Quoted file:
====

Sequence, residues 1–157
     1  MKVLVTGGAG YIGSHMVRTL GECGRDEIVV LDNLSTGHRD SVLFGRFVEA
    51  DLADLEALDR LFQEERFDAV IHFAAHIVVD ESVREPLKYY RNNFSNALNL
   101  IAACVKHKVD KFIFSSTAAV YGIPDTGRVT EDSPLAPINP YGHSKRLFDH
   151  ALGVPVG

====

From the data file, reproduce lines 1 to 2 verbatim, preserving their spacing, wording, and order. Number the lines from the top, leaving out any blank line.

Sequence, residues 1–157
     1  MKVLVTGGAG YIGSHMVRTL GECGRDEIVV LDNLSTGHRD SVLFGRFVEA